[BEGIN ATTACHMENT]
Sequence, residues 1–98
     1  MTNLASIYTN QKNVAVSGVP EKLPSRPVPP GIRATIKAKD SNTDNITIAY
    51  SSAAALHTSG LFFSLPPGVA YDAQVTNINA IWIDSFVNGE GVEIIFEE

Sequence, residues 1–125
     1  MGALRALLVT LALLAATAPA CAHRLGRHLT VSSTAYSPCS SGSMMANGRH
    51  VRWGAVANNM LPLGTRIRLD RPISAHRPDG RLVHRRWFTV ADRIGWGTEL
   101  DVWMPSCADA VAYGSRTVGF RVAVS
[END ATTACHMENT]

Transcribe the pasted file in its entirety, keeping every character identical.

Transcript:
Sequence, residues 1–98
     1  MTNLASIYTN QKNVAVSGVP EKLPSRPVPP GIRATIKAKD SNTDNITIAY
    51  SSAAALHTSG LFFSLPPGVA YDAQVTNINA IWIDSFVNGE GVEIIFEE

Sequence, residues 1–125
     1  MGALRALLVT LALLAATAPA CAHRLGRHLT VSSTAYSPCS SGSMMANGRH
    51  VRWGAVANNM LPLGTRIRLD RPISAHRPDG RLVHRRWFTV ADRIGWGTEL
   101  DVWMPSCADA VAYGSRTVGF RVAVS